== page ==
English: Lateran obelisk. Base of obelisk with...

English: Lateran obelisk. Base of obelisk with citatation of Emperor Constantine. (Photo credit: Wikipedia)

There are three surviving monuments from the original Lateran Palace. Two of these monuments are located in one building built by Domenico Fontana in 1589. These monuments are the Scala Santa and the Chapel of the Sancta Sanctorum. The third monument is the Triclinium of Leo III, which can be seen on the structure at the top of the stairs facing the archbasillica of St. John Lateran. Under the roofline, there is an incredible mosaic in the apse. In the center mosaic, Christ is surrounded by his Apostles.

Lateran Triclinium of Leo III, near the Scala Sancta; Jesus is surrounded by his Apostles under the roofline in the aspe.

The Scala Sancta are marble stairs that were brought  from Jerusalem to Rome in 326 AD by Saint Helena, the mother of Emperor Constantine.  According to legend, these are the stairs that Jesus climbed on his way to his trial with Pontius Pilate after he was betrayed by Judas.

Lateran Scala Sancta Ecce Homo statue

This was the staircase that lead  to the praetorium of  the Roman prefect Pontius Pilate in Jerusalem. Jesus was crucified in Calvary during the prefecture of Pontius Pilate, who governed Judaea from 26 to 36 AD.  In the Middle Ages these stairs were known as Scala Pilati, the Stairs of Pilate.

Lateran Scala Sancta Judas statue

Lateran Scala Sancta Jesus Statue

The Scala Sancta (Holy Stairs) consists of twenty-eight wooden steps that encase white marble steps. They are sanctified by the footsteps of Jesus Christ during his Passion. The marble stairs are visible through openings in the wooden risers. The Sanctury can be visited during these hours:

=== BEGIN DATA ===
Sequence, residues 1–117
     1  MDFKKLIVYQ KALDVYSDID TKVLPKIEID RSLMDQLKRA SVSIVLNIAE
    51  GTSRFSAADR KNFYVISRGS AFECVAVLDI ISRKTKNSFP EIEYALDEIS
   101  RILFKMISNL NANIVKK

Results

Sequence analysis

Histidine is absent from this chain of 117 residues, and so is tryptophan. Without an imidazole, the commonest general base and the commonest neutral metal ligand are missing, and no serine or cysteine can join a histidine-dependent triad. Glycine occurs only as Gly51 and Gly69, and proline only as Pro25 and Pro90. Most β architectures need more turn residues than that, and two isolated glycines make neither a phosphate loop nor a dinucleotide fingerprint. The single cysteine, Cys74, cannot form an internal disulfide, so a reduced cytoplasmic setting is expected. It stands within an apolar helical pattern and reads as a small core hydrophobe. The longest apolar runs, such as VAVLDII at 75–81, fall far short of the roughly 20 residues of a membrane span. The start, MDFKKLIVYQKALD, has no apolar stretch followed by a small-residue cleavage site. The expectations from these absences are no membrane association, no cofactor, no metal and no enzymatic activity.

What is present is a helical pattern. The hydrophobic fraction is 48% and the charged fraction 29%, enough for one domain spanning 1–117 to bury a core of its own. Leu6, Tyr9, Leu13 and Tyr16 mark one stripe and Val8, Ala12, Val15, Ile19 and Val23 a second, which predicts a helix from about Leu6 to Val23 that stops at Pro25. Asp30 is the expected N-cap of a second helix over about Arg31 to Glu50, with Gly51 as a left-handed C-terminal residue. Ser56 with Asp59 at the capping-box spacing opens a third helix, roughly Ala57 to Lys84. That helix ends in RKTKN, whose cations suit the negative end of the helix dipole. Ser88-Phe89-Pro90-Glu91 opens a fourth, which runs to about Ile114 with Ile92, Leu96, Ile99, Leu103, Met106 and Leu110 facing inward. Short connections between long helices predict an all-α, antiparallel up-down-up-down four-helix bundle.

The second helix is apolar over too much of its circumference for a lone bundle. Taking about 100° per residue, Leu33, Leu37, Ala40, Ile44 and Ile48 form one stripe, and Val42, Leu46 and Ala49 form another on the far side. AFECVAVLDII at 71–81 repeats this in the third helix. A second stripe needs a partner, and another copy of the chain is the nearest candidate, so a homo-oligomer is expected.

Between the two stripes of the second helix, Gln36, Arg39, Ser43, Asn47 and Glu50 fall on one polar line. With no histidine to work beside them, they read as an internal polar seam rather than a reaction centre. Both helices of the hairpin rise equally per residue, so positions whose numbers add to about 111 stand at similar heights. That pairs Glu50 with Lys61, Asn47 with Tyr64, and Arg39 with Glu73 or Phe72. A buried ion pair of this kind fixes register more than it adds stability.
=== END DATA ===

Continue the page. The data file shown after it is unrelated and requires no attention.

Scala Sancta sign

The stairs are located  in a building which incorporates part of the old Lateran Palace, located opposite the Basilica of Saint John Lateran. They are located next to a church which was built on ground brought from Mount Calvary. When Sixtus V in 1589 destroyed the old papal palace and built the new one, he ordered the Holy Stairs be transferred to their present site, before the Sancta Sanctorum (Holy of Holies).

The stairs lead to the Sancta Sanctorum  which is the personal chapel of the early Popes in the Lateran palace, the chapel deicated to St. Lawrence. This is the only remaining part of the former Lateran Palace. The name is derived from the many precious relics preserved there. The Sancta Sanctorum also contains the celebrated image of Christ which on certain special occasions was carried through Rome in procession. These holy treasures have not been seen by anyone since Leo X (1513-21).

Lateran Oratorium near Scala Sancta

Lateran Scala Sancta altar